How Joe Biden helped remove bankruptcy protection from millions just before a recession
During the last debate of the Democratic presidential primaries, Joe Biden and Elizabeth Warren had a delicate and tense exchange on the creation of the Consumer Financial Protection Bureau. The friction between the two goes way back, long before Biden was vice president and Warren became senator from Massachusetts. The first two clashed over Biden’s support for bankruptcy reform in the late 1990s and early 2000s, when he represented Delaware in the Senate.
The key detail is the difference between the two types of bankruptcy that a person can file: Chapter 7 and Chapter 13. Chapter 7 is known as liquidation bankruptcy and is intended for people with limited income. This allows them to sell whatever assets they can to pay off creditors, and then pay off most of the rest of their debts relatively quickly. In contrast, Chapter 13, Bankruptcy Reorganization, puts the debtor on a payment plan, so that a portion of his future income is secured to pay off his creditors. If you are a creditor, this is the option you would prefer someone to take when they owe you money, as you will get more out of it in the long run.
The 2005 Bankruptcy Abuse Prevention and Consumer Protection Act (BAPCPA) was intended, on paper, to prevent people from abusing Chapter 7 bankruptcy. It accomplished this through means testing, making it harder for people to file Chapter 7 bankruptcy by. report in Chapter 13. If a person’s income exceeds a certain threshold, they are not eligible to report Chapter 7. The bill also required that people take a course in credit counseling. no more than 180 days before declaring bankruptcy. It also limits the types of debt a person can pay in bankruptcy: if they use a credit card to spend too much money on “luxuries” or withdraw too many cash advances, this line of credit cannot be erased. And, infuriatingly, the bill made it completely impossible to pay off student loan debt. It is perhaps the one law that has done the most to plunge the United States into the current student debt crisis.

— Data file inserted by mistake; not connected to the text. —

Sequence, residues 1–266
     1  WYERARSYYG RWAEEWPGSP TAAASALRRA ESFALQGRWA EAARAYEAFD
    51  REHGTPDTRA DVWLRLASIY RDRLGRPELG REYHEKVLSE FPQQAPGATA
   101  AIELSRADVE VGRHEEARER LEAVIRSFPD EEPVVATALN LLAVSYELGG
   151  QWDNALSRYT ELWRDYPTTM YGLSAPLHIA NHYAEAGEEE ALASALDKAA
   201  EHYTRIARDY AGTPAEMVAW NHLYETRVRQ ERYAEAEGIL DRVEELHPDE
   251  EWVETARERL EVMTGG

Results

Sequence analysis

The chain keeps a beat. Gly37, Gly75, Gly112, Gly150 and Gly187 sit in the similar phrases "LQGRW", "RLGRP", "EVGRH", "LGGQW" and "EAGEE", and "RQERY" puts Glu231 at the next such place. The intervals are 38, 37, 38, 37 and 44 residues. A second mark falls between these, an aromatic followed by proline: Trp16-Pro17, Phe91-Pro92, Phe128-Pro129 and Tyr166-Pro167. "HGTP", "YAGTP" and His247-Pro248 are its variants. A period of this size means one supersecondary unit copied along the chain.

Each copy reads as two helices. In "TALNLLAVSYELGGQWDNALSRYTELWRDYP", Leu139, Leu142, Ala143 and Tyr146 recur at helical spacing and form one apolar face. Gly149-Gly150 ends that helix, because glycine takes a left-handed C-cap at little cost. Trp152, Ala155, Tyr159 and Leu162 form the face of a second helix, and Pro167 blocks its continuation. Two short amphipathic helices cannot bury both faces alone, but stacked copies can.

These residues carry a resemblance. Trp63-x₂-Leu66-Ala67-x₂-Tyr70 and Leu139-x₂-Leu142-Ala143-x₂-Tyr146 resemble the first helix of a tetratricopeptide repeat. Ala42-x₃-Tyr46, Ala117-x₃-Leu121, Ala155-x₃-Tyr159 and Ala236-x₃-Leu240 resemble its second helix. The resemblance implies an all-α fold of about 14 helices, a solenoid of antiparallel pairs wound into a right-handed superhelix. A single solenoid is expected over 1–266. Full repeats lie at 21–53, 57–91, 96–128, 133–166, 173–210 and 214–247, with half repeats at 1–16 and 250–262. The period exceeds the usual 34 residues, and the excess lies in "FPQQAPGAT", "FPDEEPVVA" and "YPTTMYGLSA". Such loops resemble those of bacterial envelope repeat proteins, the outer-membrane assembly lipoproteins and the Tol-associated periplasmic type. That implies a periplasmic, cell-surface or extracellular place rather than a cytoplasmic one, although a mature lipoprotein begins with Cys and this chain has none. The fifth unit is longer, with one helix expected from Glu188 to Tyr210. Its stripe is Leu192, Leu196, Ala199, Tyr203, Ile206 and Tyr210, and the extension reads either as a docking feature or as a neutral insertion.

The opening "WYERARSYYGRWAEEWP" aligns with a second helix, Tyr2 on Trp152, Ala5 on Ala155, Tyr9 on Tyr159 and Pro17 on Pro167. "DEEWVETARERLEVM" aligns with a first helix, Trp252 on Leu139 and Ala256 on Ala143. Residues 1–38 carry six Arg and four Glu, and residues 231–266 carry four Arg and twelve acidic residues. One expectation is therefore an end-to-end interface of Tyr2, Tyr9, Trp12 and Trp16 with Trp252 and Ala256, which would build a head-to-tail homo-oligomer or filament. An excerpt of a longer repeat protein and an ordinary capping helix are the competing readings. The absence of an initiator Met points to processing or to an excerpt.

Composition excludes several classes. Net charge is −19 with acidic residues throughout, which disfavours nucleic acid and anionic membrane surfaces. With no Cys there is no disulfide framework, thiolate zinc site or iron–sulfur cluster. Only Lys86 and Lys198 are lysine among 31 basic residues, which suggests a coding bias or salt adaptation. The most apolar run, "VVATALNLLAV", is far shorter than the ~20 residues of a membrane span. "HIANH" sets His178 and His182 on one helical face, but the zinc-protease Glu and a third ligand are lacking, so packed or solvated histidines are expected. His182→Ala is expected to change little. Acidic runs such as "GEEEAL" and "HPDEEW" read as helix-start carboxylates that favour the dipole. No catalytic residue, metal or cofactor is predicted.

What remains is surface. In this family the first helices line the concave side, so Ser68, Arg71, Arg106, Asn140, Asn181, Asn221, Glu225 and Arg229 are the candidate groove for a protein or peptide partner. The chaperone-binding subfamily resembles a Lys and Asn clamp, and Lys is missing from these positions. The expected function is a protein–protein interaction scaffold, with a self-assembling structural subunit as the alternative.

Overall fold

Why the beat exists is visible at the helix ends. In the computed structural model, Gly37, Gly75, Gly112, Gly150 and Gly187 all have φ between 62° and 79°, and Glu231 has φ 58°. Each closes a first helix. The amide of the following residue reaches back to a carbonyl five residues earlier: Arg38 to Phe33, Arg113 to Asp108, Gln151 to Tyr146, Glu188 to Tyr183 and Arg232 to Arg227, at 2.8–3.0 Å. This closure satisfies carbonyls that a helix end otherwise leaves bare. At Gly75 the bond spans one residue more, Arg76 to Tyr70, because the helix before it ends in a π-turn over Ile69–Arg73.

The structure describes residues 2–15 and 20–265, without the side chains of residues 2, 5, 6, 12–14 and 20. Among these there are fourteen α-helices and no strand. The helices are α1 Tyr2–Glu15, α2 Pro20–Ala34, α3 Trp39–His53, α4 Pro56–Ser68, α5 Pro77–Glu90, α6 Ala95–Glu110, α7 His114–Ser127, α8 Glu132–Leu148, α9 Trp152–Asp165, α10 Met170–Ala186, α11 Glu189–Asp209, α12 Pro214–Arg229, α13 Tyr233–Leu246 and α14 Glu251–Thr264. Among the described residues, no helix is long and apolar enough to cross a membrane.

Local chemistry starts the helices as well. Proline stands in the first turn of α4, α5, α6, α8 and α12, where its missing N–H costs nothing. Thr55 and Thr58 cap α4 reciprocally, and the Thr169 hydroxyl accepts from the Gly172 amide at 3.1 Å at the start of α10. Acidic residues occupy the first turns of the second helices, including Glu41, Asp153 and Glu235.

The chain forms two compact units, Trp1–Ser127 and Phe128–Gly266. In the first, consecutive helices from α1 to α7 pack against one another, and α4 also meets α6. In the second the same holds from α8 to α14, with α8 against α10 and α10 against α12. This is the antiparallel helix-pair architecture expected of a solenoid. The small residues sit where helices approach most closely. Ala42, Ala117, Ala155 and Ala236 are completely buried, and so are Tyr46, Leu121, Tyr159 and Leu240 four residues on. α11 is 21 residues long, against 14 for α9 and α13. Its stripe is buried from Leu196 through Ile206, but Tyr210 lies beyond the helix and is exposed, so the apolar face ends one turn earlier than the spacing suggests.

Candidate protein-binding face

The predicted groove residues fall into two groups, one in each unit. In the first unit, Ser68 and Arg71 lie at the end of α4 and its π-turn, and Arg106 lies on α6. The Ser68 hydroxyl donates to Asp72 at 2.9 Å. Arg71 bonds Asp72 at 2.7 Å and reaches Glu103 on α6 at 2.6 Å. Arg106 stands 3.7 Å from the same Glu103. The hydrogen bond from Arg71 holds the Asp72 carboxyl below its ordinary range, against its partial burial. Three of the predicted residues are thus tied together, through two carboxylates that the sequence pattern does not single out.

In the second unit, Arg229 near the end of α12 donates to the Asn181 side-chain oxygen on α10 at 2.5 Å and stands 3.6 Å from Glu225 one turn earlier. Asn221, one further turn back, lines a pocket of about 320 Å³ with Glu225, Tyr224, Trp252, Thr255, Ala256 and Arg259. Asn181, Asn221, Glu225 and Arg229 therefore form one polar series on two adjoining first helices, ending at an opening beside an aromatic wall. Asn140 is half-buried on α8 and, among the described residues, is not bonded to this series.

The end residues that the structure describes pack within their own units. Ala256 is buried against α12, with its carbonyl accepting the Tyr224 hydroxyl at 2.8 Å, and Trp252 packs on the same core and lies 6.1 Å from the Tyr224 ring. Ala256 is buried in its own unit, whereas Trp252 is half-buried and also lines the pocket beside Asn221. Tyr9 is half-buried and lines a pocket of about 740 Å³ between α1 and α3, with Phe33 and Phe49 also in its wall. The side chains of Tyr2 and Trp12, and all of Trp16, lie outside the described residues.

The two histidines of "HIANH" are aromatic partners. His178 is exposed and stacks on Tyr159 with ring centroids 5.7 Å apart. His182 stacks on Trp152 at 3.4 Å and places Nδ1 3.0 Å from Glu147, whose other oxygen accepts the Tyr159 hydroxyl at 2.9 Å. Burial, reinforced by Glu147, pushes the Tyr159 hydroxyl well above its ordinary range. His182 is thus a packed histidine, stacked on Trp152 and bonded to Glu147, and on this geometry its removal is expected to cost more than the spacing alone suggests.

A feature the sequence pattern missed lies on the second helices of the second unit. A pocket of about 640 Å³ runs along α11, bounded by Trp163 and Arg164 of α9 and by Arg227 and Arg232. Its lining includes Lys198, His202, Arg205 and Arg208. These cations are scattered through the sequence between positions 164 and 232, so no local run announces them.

Biden was one of the main Democratic champions of the bill, and he fought for his passage from his position in the Senate Judicial Commission. He had lobbied for two bankruptcy reform bills in 2000 and 2001, both of which failed. But in 2005, BAPCPA succeeded in erecting all kinds of roadblocks for Americans struggling with debt, just before the 2008 financial crisis. Since the adoption of BAPCPA, Chapter 13 deposits have increased by 24%. of all bankruptcy filings per year at 39 percent in 2017. Melissa Jacoby, professor of law at the University of North Carolina specializing in bankruptcy, said Politics, “I doubt the bill limited the abuses the bill was based on, in part because they didn’t necessarily exist in the first place.”
Trade unions, consumer groups and the National Women’s Organization have all opposite BAPCPA, but it had strong support from the credit card industry. Delaware is essentially a domestic tax haven for businesses and therefore financial institutions like credit card companies hold enormous power in the state. As political writer Alexander Cockburn written onceThe first duty of any Delaware senator is to auction the banks and large corporations that use the small state as a deposit box and legal sanctuary. Biden has never let his masters down in this main task. any bill that sticks to ordinary people in the name of Money Power and you will likely detect Biden’s hand at work. “